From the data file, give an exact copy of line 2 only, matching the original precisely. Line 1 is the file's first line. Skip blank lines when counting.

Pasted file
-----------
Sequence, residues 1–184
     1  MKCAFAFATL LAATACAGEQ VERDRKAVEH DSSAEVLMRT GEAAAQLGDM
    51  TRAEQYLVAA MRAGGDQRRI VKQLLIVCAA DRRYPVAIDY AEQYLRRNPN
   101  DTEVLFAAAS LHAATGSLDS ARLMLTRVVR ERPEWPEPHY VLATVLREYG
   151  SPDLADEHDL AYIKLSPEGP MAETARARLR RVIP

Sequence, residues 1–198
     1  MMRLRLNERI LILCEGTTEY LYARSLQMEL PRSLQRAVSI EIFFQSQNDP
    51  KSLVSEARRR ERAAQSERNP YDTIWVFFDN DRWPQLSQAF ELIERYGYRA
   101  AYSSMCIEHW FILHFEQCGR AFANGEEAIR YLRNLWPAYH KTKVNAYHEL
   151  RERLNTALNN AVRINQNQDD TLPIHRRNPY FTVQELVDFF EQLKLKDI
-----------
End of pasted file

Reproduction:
     1  MKCAFAFATL LAATACAGEQ VERDRKAVEH DSSAEVLMRT GEAAAQLGDM